That it’s followed by the pop-flavored “Repeat” feels like something of an inside joke. Backed by electronic percussion, it’s the opposite end of the spectrum from “Hardline,” demonstrating that Baker can create bright, genuinely redemptive-sounding music just as easily as the heartwrenching and dark material. Melodically, the song recalls “Hurt Less” before its conclusion takes Baker into completely new territory as the jittery drums provide a nearly danceable beat and her voice is swallowed whole by feedback. On “Bloodshot,” too, Baker flirts with pop; like “Repeat,” it follows one of the sparsest songs on the album, “Crying Wolf,” and also like “Repeat,” it’s one of the high points of Little Oblivions. One of the album’s most dynamic tracks, it’s built around an echoing drum beat that gives way to a triumphant piano break midway through before disintegrating into a feedback-laden update on her earlier piano-centric material. Like Baker herself throughout the run of Little Oblivions, though, it builds itself back up into a show stopping final verse adorned with shuffling drums that give it unique feel in her catalog. the 2019 standalone single “Tokyo,” in hindsight, felt like a trial run for “Bloodshot” with its smattering of staggered beats and explosive finale. “Bloodshot” leads into “Ringside,” Baker’s take on a straightforward distorted rock song; it’s the most driving track in her catalog and, with “Hardline,” is conclusive proof that she could be a bona fide rockstar if she wanted. Elsewhere “Heatwave” is a reminder of Baker’s Nashville roots, suggesting that she could just as well be an alt-country star if she chose.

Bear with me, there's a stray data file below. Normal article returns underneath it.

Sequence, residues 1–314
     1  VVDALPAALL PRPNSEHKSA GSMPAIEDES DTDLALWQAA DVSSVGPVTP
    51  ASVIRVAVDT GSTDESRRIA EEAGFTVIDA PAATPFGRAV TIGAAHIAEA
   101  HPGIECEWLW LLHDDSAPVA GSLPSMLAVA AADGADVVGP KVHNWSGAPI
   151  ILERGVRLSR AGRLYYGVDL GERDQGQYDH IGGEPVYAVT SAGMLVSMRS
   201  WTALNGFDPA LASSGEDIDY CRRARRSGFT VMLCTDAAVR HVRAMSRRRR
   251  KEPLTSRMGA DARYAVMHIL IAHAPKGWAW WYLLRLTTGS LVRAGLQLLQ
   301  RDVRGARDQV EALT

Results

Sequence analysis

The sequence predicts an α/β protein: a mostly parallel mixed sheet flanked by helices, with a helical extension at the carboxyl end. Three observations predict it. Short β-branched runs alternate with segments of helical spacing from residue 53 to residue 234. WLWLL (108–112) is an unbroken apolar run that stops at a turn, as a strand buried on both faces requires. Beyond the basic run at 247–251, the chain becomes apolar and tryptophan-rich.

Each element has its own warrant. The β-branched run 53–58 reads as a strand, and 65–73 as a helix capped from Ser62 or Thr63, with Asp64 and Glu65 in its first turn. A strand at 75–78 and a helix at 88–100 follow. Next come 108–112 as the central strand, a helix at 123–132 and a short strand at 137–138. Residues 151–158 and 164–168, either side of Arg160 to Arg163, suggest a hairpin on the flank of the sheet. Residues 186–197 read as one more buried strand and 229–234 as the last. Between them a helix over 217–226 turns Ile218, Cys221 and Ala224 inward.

Given Baker’s penchant for skyscraping, swing-for-the-fences closers, “Ziptie” is a surprise. “Go Home” and “Claws in Your Back” are each the emotional climaxes of their respective albums; each ends with her belting out like it’s the last thing she’d ever do, the former in despair and the latter in hope. Ironically, for closing out Baker’s biggest album yet, “Ziptie” is fairly subdued. Its electronic beat ticks like a bomb, but no explosion ever comes. Understated as it is, the song doesn’t rely on a final line belted to the heavens to achieve catharsis; instead, it’s the confidence in Baker’s steady voice that sells it as she delivers one of her most immediately memorable lines: “Good God, when you gonna call it off / Climb down off the cross and change your mind?” The song was inspired by “watching people be restrained by zipties on the news” and wondering why God would waste time with redemption when people are capable of such cruelty. But the answer might be found in Baker’s music itself, in a picture of someone capable of such aching compassion. With the music of someone like Baker in the world, how could redemption ever be in question?